I take my cue from Ella Fitzgerald; the weather’s no good (again), but isn’t this a lovely day? Learning my lesson from before, I’m togged up and ready this time, but lugging a great bag of optimism around with me along with the rain gear and the camera. It pays off.
Barnard Castle, County Durham. A cold January day.
The River Tees drops from its source on Cross Fell 2000 feet and more much more, above, descending through the North Pennines at speed, via cataracts and torrents, past High Force, where it crashes over itself to reach the lower hills. It has much to escape; on the Fell, the only named British wind, the Helm, a fierce north-easterly, shrieks across the escarpment, filled with fiends according to the ancients, and in the water itself lives Peg Powler, a green haired hag who pulls naughty children beneath the surface should they stray too near the edge.
By the time it has fallen to 600 feet it is all much calmer and the Tees is a broad and easy-on-the-eye tumble over rocks and – the land being rich in ironstone at this point – rust coloured pebbles. It meanders around the promontory where the town sits. The significant feature looking down onto the river is, of course, the castle, a pile, like almost every other near-border stronghold, squabbled over for years by various interested parties. Here, the Scots and the Balliols and the Bishops of Durham. Seven centuries ago, Edward I gave it to the Earl of Warwick and a couple of generations after that the castle passed by marriage to the Nevilles. During the Wars of the Roses, Richard, Duke of Gloucester (later Richard III) took possession of the fortress. His stamp, his personal device, the white boar, is to be found everywhere on keystones and bosses. On St Mary’s, the large parish church whose tower looms across the main street, a window arch on the north transept shows the hog clearly. Richard was here.
I start in the graveyard. There are skeletal horse chestnuts towering here, creaking above me like masts and rigging, jackdaws and rooks complaining at nothing, joining in. A tomb, a sizable table monument, declares a wonderfully gruesome Reaper. This is for George Hopper, I find, of Black Hedley, Northumberland. He is a very grand chap, Death, standing there silently, God’s acre before him, looking out, as Woolf said, on the shells, bones and silence beneath us, but it’s cold enough already and time to be getting along.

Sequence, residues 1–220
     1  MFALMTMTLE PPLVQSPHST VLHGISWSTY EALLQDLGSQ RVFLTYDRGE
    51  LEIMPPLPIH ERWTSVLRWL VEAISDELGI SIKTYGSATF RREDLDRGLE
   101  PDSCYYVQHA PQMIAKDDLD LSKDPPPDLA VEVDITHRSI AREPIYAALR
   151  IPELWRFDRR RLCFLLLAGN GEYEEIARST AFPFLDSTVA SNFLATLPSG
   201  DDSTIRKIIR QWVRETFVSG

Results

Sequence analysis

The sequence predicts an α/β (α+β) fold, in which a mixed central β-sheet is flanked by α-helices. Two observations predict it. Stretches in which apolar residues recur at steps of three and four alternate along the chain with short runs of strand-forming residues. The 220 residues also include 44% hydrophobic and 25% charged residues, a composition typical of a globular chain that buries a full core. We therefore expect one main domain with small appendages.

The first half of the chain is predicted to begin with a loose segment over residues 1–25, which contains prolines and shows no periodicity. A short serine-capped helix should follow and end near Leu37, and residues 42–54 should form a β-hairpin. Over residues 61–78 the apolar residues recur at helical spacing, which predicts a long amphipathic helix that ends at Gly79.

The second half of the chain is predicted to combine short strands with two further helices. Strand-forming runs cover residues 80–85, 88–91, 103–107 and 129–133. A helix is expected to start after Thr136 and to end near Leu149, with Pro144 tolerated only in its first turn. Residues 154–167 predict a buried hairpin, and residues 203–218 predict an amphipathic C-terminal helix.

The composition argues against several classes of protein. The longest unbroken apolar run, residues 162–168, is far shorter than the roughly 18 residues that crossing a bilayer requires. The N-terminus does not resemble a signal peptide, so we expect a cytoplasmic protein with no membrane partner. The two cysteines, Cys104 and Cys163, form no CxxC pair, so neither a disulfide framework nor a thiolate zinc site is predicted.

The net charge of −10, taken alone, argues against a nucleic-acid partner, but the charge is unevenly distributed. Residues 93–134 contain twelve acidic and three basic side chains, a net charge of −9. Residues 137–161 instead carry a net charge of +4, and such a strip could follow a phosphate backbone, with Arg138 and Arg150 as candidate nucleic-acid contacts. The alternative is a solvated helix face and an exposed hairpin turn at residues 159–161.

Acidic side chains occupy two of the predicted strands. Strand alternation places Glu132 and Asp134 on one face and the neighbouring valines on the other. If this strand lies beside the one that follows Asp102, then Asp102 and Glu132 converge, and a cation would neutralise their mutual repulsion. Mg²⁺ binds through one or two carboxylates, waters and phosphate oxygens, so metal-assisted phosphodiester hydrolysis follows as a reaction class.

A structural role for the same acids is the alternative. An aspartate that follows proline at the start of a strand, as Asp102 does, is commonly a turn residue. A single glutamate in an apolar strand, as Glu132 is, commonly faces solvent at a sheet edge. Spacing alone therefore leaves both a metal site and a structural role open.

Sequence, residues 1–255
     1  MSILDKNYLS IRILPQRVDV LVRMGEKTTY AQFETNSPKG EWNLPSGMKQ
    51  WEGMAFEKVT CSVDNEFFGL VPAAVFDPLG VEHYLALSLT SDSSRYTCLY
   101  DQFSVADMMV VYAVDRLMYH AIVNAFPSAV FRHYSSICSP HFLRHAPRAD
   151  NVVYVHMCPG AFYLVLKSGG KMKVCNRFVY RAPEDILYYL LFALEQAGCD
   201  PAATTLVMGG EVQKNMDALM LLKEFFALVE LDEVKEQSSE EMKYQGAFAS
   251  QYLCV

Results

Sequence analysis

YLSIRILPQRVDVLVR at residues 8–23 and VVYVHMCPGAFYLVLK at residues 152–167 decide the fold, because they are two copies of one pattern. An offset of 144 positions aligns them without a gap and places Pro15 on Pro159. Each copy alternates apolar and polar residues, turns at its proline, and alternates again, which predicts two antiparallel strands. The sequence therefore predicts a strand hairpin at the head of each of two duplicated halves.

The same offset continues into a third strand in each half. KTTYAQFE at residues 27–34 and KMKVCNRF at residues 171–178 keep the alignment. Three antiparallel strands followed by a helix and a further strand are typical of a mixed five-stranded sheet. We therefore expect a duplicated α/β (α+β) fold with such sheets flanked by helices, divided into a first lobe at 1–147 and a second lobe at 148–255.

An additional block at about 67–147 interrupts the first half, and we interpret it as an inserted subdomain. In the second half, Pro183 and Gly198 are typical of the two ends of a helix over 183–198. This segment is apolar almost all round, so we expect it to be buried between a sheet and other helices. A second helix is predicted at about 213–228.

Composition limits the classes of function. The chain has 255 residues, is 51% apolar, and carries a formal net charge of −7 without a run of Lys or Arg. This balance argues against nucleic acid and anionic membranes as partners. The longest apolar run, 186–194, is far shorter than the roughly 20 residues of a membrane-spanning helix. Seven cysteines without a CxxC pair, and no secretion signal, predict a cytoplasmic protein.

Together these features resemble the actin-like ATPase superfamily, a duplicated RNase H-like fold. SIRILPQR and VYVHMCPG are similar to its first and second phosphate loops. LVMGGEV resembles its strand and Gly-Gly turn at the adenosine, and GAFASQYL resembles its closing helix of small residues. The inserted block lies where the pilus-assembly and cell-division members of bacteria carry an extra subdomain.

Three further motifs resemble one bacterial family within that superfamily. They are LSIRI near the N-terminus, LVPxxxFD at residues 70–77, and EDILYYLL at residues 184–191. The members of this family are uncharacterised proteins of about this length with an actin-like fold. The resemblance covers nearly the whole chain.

At the southern edge of the church yard, a gate takes you down the hill a little and out onto the Demesnes; a feudal hangover, like the Lendings mirrored across the river, this is a long sloping sled-friendly bank that dramatically skeeters off down into the valley and eventually would land you in the Tees if you found yourself unable to stop running.
Behind and betwixt and between its many streets, Barnard Castle, Barney, is riddled with snickets, alleyways, cut-throughs and ginnels. It is a smallish place, but it covers a lot of ground. There are routes and paths everywhere. From the edge of the Demesnes, turning back towards the town, there are numerous points of entry via the tunnels. You just have to take your pick. These dark slips feed out into the main orthodox streets, but they turn into one another too. Evergreens and ivies that cling to the stone hint at it, but in the summer the conduits must be wonderfully shadowy and cool. As a navigable method they are, taken all at once, a little baffling, so I determine to do just that and endeavour to uncover each one.
As singular channels it is easy to see their merit, though, and it makes sense to pop from one corner of town to another down a stony rabbit hole, rather than traipse effortfully along three sides of a planned square. Elsewhere, you can see that such eminently sensible innovations will have been eradicated in successive waves of town planning, and I am sure that where the new-ish supermarket and its associated car park now sit, the footprint once included many crisscrossing corridors. What is left, though, makes for a delightfully eccentric, if obtuse, tour of the town.
Back at the church, if an overview was needed after all those obscure paths, it is found in a wonderful mural thrown large against the Parish Hall wall. Created by the artist Douglas Pittuck in the 1950s, it shows Barney town life in its many higgledy-piggledy forms, playing out beneath the gloomy circular keep of the castle and the towers of its churches, including of course St Mary’s.
Boys catch tadpoles in a jar, lovers lean over the bridge and look into the river, soldiers possibly on leave from Catterick up the road stride past, women gossip, and a motorcyclist tears through the fabric and down the steep hill towards Startforth. It’s complex and kaleidoscopic and, of course, colourful and confusing, but after much staring and taking apart and putting back together it makes sense. Like the streets, and the alleyways and the creaking branches and the shells and the bones and the silence.